Although plan documentation isn’t the only business continuity planning outcome, and absolutely should not be the sole focus during a program assessment, it’s certainly an important one. Plans are one of the first things customers and auditors ask to review because these documents should summarize the response and recovery approach used by the business following the onset of a disruptive incident, as well as a summary of the resources needed to deliver products and services. If asked to evaluate a plan, what’s the best approach, and what elements and content should you expect to see? The purpose of this perspective is to outline a simple, straightforward plan assessment approach.
What is a Plan?
According to ISO 22301, a business continuity plan is a set of “documented procedures that guide organizations to respond, recover, resume and restore to a pre-defined level of operation following disruption”. In order words, a plan is like a good instruction manual – offering information on parts, how to assemble the product, how to operate the product, troubleshooting tips, and where to go for assistance.
Plan Content Best Practices
Clause 8.4.4 in ISO 22301 offers requirements that each plan should contain, including:
- Purpose and scope
- Activation criteria and procedures
- Implementation procedures
- Role, responsibilities and authorities
- Communication requirements and procedures
- Internal and external interdependencies and interactions
- Resource requirements
- Information flow and documentation processes
Putting ISO 22301 aside for a moment, the plan should offer information that will be needed when faced with a disruptive incident – and nothing more! Large, voluminous plans are likely to be ignored – during exercises and real events – as they are intimidating, often confusing, and typically delay and detract from the response and recovery effort due to (unnecessary) information overload.
In particular from the ISO list we discussed above, emphasis should be placed on roles and responsibilities, as well as the procedures, to do two things:
- How to recover the activity or resource
- How to operate in “recovery mode” throughout the course of the disruptive incident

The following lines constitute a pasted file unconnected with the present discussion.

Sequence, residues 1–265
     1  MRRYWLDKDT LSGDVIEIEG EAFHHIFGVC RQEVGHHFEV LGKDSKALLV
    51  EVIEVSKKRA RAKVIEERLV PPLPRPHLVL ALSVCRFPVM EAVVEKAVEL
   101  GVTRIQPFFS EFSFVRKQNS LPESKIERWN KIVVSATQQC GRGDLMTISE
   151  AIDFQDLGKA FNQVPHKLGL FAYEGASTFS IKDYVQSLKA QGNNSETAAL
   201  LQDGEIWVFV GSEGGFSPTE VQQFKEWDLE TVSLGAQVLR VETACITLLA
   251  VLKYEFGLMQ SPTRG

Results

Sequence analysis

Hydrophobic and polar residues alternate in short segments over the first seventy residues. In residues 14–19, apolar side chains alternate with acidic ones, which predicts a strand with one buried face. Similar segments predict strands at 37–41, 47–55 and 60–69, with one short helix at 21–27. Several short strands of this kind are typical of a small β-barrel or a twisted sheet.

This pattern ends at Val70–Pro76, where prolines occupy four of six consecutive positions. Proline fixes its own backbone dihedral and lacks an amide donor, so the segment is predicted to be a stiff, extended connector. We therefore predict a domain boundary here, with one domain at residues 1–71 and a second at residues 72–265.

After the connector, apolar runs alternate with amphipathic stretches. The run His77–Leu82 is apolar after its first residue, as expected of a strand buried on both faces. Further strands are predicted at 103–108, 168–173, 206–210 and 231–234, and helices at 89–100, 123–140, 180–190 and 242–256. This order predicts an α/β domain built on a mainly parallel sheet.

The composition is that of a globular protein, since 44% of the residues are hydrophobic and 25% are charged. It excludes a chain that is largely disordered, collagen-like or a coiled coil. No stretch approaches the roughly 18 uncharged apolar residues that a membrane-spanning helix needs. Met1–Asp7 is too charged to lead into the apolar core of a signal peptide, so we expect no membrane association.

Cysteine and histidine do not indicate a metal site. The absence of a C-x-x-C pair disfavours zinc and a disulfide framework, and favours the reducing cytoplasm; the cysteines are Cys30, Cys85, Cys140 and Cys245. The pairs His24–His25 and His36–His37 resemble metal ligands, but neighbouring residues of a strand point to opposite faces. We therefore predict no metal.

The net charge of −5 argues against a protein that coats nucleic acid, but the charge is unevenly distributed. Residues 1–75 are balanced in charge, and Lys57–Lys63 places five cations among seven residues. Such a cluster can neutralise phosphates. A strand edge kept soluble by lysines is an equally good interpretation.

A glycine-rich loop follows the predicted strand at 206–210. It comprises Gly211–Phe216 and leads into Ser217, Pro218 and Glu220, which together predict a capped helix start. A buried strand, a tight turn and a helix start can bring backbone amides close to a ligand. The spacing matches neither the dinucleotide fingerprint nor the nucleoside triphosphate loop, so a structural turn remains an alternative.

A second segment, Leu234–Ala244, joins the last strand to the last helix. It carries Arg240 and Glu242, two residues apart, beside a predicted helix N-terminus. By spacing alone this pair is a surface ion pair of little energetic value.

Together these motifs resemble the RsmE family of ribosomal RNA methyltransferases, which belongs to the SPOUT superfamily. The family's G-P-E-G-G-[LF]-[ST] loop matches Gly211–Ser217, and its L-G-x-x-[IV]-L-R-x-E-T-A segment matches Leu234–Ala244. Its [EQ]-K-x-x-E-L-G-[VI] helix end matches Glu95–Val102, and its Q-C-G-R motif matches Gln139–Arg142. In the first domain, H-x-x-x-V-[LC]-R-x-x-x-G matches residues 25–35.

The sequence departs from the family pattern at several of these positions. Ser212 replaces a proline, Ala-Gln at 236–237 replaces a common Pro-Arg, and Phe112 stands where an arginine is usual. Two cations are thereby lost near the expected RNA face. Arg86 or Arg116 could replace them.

The Recommended Assessment Approach
I equate what I’m about to recommend to my Eighth Grade English class, which taught me about all the questions that my essay needed to address: who, what, where, when, how, and to what extent. Those are the exact same questions that I use to evaluate the usefulness and completeness of business continuity plans. Specifically:
- Who: Who is leading the response and recovery effort, who is a member of the response/recovery team (and what are their responsibilities), and who is our customer
- What: What are we trying to do in “recovery mode”?
- Where: Where do I go?
- When: When should I begin working again?
- How: How to do I recover and how do I operate in order to meet expectations
- To what extent: To what level may I produce my work in recovery mode, sacrificing what in terms of performance or quality?
When asked to review a plan or series of plans, review the documentation to ensure it meets the requirements of any regulatory requirements or standards that the organization intends to comply with. But, in terms of pure pragmatism, look to see if the plan answers the questions above. If it doesn’t, it’s likely that one or more response or recovery team members will be confused and likely unable to fully meet stakeholder expectations – resulting in greater impact or missed business continuity requirements.
Plans should NEVER be assessed using the “weight test” but rather the content. A plan is a guide, helping the organization flexibly respond to a disruptive incident and recover in a manner that meets interested party expectations.
Simply, does it answer, “what to do, where to go, when to do it, and how to go about it?” If so, the plan is probably in pretty good shape.
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Avalution Consulting: Business Continuity Consulting